Shaked to European Justice Ministers: Ignore EU labeling directive

By
November 16, 2015 21:52

Justice Minister says labeling decision is a political measure and not as a measure to inform consumers as the Europe Commission claimed.

2 minute read.



Ayelet Shaked

Ayelet Shaked. (photo credit:MARC ISRAEL SELLEM/THE JERUSALEM POST)

Justice Minister Ayelet Shaked called on her European counterparts to not label products from the West Bank, Jerusalem and Golan Heights, in an effort that bore fruit on Monday.

Days before Hungarian Foreign Minister Péter Szijjártó said his country would not follow the EU labeling guidelines, Shaked sent letters to him and the justice ministers of Germany, Romania and Estonia with that request.

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In her letter to Hungarian Justice Minister László Trócsányi dated November 12, Shaked wrote that “serious concerns about the legality, necessity and appropriateness of [the labeling] imperative notice have been raised by European legislators and international law scholars.”

Shaked wrote that the European Commission “justified labeling as a necessary measure to properly inform consumers.
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However, it is our position that this action is instead a political measure, which does not advance any political process between Israel and the Palestinians and may even have a harmful effect.”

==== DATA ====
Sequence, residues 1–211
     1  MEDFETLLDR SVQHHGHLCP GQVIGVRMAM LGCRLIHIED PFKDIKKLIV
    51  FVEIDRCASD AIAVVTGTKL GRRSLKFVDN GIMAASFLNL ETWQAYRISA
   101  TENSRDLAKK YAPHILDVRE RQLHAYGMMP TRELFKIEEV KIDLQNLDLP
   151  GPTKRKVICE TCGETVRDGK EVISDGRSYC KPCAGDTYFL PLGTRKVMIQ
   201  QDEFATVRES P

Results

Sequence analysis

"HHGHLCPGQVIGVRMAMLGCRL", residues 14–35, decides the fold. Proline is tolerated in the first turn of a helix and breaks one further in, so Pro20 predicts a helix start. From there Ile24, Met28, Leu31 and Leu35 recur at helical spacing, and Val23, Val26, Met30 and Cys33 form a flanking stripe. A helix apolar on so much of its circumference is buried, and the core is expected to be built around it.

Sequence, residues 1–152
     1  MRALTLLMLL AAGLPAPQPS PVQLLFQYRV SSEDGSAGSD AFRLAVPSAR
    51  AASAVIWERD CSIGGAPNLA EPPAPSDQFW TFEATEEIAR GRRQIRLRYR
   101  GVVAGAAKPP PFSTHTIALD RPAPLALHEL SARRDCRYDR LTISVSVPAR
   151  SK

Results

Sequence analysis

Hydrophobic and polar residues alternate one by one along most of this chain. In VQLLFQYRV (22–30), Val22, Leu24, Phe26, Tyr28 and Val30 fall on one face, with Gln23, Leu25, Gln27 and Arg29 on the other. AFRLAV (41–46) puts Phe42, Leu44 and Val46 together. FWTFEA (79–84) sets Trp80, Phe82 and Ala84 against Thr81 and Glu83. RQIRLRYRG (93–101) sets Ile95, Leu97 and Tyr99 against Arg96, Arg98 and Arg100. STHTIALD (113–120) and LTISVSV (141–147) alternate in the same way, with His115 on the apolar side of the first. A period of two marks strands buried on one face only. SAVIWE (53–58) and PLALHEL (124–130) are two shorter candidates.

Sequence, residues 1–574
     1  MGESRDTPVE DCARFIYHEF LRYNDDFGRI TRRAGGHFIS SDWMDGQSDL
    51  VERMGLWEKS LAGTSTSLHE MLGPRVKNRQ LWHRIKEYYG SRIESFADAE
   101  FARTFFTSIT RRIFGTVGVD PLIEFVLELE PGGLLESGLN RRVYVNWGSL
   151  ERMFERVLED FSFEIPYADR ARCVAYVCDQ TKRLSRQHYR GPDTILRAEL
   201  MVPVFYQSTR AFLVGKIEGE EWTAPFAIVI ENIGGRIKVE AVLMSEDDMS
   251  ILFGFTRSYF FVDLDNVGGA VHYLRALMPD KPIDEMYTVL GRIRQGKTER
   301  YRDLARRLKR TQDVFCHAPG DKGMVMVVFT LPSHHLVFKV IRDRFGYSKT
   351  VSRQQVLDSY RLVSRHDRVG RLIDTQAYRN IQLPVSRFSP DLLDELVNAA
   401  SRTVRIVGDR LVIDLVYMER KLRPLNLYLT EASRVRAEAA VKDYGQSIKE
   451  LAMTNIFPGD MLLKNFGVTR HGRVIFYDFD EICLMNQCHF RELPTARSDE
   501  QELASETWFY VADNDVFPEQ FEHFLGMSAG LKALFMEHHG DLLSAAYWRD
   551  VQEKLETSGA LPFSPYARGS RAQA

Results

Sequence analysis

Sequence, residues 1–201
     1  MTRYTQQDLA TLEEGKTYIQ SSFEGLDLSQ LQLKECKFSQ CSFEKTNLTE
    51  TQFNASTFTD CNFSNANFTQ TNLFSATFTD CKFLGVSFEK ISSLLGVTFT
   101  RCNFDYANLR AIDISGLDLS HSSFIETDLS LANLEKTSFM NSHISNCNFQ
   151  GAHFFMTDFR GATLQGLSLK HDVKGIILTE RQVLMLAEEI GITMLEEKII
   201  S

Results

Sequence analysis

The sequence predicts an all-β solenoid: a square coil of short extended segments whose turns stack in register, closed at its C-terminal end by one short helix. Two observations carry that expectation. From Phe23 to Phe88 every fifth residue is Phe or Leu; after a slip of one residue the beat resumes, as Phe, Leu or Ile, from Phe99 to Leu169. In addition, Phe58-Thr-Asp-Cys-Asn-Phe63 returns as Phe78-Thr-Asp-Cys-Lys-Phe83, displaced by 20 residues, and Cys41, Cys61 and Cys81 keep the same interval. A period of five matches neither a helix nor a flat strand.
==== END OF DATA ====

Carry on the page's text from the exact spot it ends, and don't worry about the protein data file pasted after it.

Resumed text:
As such, she wrote seeking Trócsányi’s support in opposing the labeling instruction, which she called “misguided, discriminatory and problematic,” and asked him not to implement it.

Shaked posited that “not requiring special labeling for certain Israeli products would be fully consistent with prior interpretations by the [European] Commission regarding other disputed territories.”

The justice minister pointed out that the European Commission did not require labeling products from other disputed territories, such as the Western Sahara. Shaked quoted the European Commission as stating that it does not “foresee any specific rules regarding requirements as to the labeling of products” regarding EU agreements with Morocco. Israel’s association agreement with the EU also does not mention specific origin labeling.

Shaked also wrote that European courts have already considered the labeling issue, recounting that the UK Supreme Court ruled “that there would be no basis for saying that the average consumer would be misled” by a Made in Israel label on products from the West Bank.

The EU guidelines have been in the works since 2012. Decisions regarding consumer labeling is left to the purview of member states, as is oversight with compliance.

Labeling is mandatory, the commission said, for fresh fruit, vegetables, wine, honey, olive oil, eggs, poultry, organic produce and cosmetics.

For packaged food and other products, it is voluntary, unless its omission misleads the consumer into believing that the product was produced in parts of Israel the EU recognizes.

The United Kingdom, Denmark and Brussels already place consumer labels on products from over the pre-1967 lines. Many other member states waited for the guidelines before taking action.

Tovah Lazaroff contributed to this report.

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